Pathology of Stretch marks

Striae Distensae are a form of pathological scarring

Striae indicate a pathological condition of the connective tissue.1 The pathogenesis of Striae Distensae describes definitive changes in the extracellular matrix, especially changes in collagen, elastin and fibrillin.2–5

Histologically Striae are form of atrophic scarring, in which the dermal collagen ruptures and separates; the intervening gap is filled with newly synthesized collagen, which then becomes aligned in response to local stress forces.6

Although they are not detrimental to health, they can cause physical symptoms such as itchiness, tenderness and pain.7 Because of their visual appearance, they can also significantly affect a woman’s self-esteem and image.7

The development of Striae has been likened to wound healing or scar formation.8

Studies found no correlation between:

  • Striae Gravidarum and weight gain per week
  • Greater percentage increase of abdominal/hip girth during pregnancy and a greater number of Striae.3

The strength of the skin’s strain is not the primary cause of Striae.


Clinical publications confirm that hormonal change is one of the main risk factors for the development of Striae.

Three-dimensional representation of skin replicas.

Distribution of gestational ages when Striae first appeared3


Histological comparison of normal skin, Striae Rubrae and Striae Albae9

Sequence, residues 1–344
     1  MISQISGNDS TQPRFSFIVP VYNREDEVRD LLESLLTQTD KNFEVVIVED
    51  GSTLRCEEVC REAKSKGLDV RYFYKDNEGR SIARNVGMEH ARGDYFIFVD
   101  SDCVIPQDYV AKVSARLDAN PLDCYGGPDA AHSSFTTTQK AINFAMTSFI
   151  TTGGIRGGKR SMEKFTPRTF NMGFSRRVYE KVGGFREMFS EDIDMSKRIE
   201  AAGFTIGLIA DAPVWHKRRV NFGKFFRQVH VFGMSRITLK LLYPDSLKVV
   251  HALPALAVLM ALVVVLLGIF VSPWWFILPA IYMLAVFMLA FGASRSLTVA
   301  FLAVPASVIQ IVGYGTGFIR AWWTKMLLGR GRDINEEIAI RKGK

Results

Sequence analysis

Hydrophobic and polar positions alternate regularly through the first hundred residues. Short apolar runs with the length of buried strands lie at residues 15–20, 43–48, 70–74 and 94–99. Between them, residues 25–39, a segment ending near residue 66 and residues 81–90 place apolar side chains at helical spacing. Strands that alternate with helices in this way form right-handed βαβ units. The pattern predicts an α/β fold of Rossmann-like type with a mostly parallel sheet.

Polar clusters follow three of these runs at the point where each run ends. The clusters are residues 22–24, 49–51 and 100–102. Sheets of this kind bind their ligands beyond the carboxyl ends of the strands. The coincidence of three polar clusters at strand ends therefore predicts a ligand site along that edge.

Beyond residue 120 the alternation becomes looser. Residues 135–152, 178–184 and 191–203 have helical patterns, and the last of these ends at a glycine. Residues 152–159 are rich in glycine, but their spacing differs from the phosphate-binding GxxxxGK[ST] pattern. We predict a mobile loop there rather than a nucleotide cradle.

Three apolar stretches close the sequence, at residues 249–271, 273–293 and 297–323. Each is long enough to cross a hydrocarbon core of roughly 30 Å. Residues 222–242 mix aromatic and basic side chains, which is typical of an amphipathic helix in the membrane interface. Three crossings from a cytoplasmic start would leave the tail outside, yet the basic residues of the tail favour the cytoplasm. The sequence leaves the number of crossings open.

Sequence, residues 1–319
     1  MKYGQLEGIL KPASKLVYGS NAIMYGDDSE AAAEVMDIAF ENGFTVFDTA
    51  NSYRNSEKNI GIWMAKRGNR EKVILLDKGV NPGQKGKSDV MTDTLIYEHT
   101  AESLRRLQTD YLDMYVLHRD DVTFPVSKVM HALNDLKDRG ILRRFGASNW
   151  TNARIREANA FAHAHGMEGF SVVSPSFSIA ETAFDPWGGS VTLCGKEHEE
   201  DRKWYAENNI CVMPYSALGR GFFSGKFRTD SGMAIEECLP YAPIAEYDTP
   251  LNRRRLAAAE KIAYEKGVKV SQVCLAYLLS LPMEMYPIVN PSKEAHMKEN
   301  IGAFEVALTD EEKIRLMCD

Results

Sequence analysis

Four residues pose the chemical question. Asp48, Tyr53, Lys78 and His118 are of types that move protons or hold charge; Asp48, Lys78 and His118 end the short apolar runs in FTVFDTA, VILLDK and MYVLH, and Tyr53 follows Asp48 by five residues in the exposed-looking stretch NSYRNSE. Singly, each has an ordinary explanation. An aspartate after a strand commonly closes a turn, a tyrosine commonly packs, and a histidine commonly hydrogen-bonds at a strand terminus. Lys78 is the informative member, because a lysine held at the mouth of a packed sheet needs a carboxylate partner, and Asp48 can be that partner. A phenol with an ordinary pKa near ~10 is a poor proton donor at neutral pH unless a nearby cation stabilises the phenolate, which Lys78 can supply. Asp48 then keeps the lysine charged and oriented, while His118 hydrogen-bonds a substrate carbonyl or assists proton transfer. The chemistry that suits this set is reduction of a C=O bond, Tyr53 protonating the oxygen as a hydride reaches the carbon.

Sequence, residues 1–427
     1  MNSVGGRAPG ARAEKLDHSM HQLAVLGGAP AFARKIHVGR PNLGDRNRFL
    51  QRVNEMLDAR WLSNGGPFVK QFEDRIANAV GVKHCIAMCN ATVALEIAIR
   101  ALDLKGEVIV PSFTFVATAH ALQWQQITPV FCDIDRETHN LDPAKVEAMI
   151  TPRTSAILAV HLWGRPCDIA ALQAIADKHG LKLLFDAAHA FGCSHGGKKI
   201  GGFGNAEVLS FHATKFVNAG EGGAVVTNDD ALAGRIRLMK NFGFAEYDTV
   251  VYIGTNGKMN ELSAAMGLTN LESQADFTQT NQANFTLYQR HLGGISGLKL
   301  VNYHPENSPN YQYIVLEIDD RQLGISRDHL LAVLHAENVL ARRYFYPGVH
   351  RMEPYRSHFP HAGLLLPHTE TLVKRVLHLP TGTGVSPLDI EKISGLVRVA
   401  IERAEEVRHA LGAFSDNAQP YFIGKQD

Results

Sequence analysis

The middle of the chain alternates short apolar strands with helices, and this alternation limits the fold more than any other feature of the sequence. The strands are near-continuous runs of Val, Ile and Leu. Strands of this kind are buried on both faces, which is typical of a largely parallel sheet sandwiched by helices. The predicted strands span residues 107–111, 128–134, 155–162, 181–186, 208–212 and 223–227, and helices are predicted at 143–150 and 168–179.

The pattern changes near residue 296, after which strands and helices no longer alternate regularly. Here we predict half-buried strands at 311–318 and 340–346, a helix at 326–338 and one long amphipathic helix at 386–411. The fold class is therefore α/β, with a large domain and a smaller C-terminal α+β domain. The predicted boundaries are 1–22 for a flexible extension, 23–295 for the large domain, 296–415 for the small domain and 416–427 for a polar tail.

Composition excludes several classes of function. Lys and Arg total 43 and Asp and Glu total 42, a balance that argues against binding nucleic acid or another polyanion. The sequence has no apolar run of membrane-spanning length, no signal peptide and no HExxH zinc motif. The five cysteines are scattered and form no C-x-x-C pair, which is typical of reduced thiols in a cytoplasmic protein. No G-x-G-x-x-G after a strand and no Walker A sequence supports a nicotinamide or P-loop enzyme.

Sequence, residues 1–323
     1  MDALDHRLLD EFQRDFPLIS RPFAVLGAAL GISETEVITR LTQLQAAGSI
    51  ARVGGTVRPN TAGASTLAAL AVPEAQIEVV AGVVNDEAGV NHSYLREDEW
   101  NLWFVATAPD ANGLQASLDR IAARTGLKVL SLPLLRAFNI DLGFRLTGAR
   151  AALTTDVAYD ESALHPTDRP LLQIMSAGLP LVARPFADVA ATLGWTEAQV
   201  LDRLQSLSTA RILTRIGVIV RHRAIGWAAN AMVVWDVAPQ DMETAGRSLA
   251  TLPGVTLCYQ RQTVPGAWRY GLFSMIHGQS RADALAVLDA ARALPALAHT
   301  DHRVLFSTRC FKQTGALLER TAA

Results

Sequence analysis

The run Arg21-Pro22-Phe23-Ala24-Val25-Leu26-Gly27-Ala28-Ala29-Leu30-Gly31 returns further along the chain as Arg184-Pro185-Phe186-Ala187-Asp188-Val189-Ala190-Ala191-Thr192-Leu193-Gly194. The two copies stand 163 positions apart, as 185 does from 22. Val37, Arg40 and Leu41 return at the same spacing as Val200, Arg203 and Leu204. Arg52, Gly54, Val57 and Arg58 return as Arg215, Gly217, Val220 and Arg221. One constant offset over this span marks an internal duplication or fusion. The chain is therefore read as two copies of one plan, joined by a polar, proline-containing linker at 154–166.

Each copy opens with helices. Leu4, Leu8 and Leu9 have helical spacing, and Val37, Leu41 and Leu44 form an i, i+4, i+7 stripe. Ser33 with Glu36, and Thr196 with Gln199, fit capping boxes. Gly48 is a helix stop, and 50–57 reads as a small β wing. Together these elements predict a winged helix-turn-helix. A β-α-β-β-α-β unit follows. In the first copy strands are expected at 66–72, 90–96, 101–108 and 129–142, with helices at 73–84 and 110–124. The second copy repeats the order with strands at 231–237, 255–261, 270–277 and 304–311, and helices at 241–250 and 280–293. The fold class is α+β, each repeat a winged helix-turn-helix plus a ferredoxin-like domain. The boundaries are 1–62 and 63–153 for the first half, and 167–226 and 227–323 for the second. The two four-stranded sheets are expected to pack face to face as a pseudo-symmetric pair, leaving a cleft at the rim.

Normal skin: haphazardly arranged small collagen fibres and thin elastin fibres in the papillary dermis, surrounded by ground substance; coarse elastic fibres and thick bundles of collagen parallel to the direction on the skin in the reticular dermis.

Striae Rubrae: fine elastic fibres predominate in the dermis with thicker tortuous fibres in the periphery; there is a reduction and reorganization of elastin and fibrillin fibres and structural changes in collagen are seen.

Striae Albae: histology demonstrates epidermal atrophy and loss of the rete ridges; densely packed, thin eosinophilic collagen bundles are arranged horizontally, parallel to the surface of the skin in a similar way to a scar.

1. Viennet C et al. Arch Dermatol Res. 2005 Jul; 297(1):10–7
2. Rotsztejn H et al. Advances in Medical Sciences 2010; 55
3. Chang AL et al. Acad Dermatol 2004; 51:881–885
4. Lee KS et al. Clin Exp Dermatol 1994; 19(4):285–288
5. Klehr N. Acta Derm Venereol Suppl 1979; 59(85):105–108
6. Tsuji T et al. J Cutan Pathol 1988; 15:215–222
7. Osman H et al. BJOG 2008; 115:1138–1142
8. Atwal GS et al. Br J Dermatol 2006; 155:965–969
9. Al-Himdani S et al. Br J Dermatol 2014; 170:527–547